The pace and tension are quite relentless, with the combination of short chapters alternating character perspectives and a prose that is often poetic AND grubby but specifically designed to be labelled as tense I found it hard to stop reading this one as chapter after chapter flew past, the narrative and the characters being swept forward in a tide of pre determined social change The only character that seemingly knows what s happening is a half crazed, half dead Laney from Idoru who has been hiding in a cardboard box city and who quite happily admits from the start that he doesn t know WHAT is going to happen only that SOMETHING will.
If you can accept this kind of storyline, that blends social commentary with near future science fiction, action, thrills, suspense then William Gibson is the man for you and the Bridge Trilogy as a whole may well be worth consideration for comparison to Snow Crash Yes I know it s one book versus three and yes really SNnow Crash still wins, but still you can t just keep reading Snow Crash forever.
After a good, if a bit inconsequential start with Virtual Light, and a much inconsequential, but promising, Idoru, the Bridge Trilogy finishes with All Tomorrow s Parties and what seemed like it s going somewhere and going somewhere big failed to meet my expectationsIf somebody wants to see the worst things about Gibson s writing, this book is where to look for them Tens of characters, many of them feeling like useless, pointless filler Creed or Boomzilla, anyone Recurring characters which get almost nothing to do Yamazaki, and, to a much greater degree, Maryalice Confusing style which makes it very hard to understand what s going on I actually managed to think that two characters were one and then was very surprised when I saw them both in different places An ending which feels very underwhelming and unsatysfying, not to mention unexplained Seemingly important characters with convoluted motivations Descriptions of cyberspace which give you no idea whatsoever of how its supposed to look like and work All that, and , in concentrated form, to be found in All Tomorrow s Parties The good things also show, like the realized, interesting setting, interesting characters, and novel concepts, but they are overshadowed by all of Gibson s faults.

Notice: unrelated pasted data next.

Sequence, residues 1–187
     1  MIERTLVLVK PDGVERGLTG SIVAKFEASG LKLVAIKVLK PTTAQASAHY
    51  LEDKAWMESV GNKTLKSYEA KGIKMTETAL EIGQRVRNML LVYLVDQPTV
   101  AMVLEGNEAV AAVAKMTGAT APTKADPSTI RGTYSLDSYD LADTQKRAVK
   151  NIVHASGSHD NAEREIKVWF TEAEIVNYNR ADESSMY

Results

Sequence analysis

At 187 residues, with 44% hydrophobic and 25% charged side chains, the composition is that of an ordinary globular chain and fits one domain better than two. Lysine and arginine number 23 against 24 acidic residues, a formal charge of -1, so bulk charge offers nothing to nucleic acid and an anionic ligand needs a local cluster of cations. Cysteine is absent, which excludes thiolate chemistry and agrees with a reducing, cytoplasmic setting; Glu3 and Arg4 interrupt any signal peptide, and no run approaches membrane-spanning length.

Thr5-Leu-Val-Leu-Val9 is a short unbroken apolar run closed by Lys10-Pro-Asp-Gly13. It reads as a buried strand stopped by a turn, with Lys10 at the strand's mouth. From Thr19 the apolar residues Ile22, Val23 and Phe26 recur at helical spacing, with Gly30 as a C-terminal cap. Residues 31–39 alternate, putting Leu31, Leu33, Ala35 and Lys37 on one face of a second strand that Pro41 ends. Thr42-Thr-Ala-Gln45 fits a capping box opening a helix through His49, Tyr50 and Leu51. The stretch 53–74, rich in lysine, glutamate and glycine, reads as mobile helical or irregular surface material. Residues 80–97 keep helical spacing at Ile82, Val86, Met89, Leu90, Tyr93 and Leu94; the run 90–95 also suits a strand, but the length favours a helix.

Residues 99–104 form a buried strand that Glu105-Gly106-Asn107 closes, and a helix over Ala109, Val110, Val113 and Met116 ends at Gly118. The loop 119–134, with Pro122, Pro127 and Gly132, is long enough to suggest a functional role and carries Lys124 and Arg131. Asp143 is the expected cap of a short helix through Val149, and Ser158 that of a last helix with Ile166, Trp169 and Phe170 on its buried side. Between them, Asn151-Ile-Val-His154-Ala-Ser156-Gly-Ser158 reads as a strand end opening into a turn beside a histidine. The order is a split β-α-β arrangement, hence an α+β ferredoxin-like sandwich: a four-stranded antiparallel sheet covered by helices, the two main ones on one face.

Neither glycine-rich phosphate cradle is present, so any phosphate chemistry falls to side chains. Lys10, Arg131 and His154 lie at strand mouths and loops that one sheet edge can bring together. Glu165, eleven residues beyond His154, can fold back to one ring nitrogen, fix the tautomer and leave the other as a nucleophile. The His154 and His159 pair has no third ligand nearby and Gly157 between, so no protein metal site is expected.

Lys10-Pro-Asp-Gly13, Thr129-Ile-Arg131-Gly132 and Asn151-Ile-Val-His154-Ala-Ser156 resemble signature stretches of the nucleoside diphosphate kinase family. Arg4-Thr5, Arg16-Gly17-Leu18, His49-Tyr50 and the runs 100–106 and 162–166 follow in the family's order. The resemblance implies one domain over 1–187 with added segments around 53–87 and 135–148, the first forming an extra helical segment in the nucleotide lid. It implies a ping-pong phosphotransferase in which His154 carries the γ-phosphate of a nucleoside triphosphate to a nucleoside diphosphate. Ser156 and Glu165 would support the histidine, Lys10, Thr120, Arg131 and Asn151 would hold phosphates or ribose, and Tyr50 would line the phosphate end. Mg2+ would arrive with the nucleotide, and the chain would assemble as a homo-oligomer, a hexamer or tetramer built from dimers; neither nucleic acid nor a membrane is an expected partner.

Really, for an ending of a trilogy of books, which consisted of one solo book and a follow up which simply doesn t work very well on its own Idoru , this is as underwhelming as it gets At least in the Neuromancer trilogy the change made in the first book actually influences the world in an important way and it s not even foreshadowed a lot 3 4 of All Tomorrow s Parties is about how what s going to happen is going to CHANGE EVERYTHING And when it does, all it amount to is a weird, almost comical event which sounds important, to be sure, but isn t built upon in the slightest and just doesn t live up to the hype.